If you’re driving up I-95 through Connecticut, you may find yourself on the Moses Wheeler Bridge that spans the Housatonic River between Stratford and Milford. The bridge, built in 1958 and now undergoing replacement, was named for Moses Wheeler (1598-1698), my ninth great grandfather, an emigrant from Kent, England, and an early settler of Stratford. For many years, Wheeler, a ship’s carpenter, operated a ferry across the Housatonic River at this location. His son and later his grandson also ran the ferry. He was said to be the first European settler who lived to be 100.
“Moses Wheeler was a picturesque character of indomitable courage, incredible height and remarkable strength …
… He was a strong powerful man of whom the Indians are said to have stood in mortal terror. The Milford Indians were thought to be unfriendly to him. One day as some of them came to attack him, he took a big dipper of boiling soap, which his wife was then making, and threatened to throw it on them. They dared not advance and left immediately. Another tradition relates that Mr Wheeler was one morning in the cellar of his house, when 3 Indians with tomahawks appeared in the doorway. Realizing his helplessness if attacked, he raised a half-emptied cider cask, saying has he did so ‘Let’s all have a drink” pretending at the same time to drink from the bunghole. The Indians seeing this and supposing the barrel to be full went away, saying they did not want to fight with such a strong man.”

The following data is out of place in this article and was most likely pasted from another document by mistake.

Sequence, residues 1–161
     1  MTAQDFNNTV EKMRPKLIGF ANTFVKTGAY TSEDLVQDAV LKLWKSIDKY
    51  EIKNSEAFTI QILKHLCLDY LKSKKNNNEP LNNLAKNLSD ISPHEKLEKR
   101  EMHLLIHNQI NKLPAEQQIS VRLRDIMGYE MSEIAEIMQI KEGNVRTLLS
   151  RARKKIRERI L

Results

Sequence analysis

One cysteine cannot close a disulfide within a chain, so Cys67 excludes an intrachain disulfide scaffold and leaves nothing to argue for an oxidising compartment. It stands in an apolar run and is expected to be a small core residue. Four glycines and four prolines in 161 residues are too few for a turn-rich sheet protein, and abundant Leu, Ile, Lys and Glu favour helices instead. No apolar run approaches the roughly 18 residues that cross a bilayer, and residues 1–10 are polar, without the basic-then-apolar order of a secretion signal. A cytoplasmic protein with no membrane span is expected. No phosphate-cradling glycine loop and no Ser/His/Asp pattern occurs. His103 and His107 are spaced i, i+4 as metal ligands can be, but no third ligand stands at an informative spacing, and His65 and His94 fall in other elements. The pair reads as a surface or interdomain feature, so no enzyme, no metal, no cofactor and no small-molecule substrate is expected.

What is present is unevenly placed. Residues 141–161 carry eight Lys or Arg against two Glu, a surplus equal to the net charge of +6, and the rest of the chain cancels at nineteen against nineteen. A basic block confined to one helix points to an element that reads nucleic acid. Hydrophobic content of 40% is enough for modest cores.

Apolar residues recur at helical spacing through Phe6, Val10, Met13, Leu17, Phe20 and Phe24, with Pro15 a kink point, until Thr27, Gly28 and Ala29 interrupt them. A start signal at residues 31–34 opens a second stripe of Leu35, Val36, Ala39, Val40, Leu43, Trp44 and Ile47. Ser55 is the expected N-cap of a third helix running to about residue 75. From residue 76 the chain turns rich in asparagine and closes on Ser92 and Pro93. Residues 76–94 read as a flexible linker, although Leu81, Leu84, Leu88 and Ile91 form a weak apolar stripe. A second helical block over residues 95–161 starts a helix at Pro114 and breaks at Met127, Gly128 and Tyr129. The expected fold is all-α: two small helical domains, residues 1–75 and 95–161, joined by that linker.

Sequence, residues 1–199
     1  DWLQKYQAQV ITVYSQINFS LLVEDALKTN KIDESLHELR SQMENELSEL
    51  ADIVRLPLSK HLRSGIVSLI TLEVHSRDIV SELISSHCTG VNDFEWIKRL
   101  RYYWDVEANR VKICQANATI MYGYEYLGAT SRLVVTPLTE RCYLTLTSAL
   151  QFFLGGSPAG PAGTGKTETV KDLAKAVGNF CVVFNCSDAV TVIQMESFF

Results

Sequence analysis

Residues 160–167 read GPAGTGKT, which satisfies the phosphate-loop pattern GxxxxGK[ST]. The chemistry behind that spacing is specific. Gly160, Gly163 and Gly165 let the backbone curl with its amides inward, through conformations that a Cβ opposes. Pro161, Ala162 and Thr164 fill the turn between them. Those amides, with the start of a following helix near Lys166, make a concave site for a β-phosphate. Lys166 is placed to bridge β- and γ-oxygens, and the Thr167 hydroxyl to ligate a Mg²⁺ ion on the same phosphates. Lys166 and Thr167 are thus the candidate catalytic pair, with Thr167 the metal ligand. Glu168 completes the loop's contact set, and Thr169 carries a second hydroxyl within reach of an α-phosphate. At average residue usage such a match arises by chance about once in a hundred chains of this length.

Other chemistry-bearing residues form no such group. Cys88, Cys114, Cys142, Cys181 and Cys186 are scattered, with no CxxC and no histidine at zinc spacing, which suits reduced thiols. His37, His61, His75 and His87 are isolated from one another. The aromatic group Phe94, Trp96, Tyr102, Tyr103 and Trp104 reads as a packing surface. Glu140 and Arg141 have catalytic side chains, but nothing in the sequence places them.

(“History of Stratford, Connecticut : 1639-1939”, p. 699)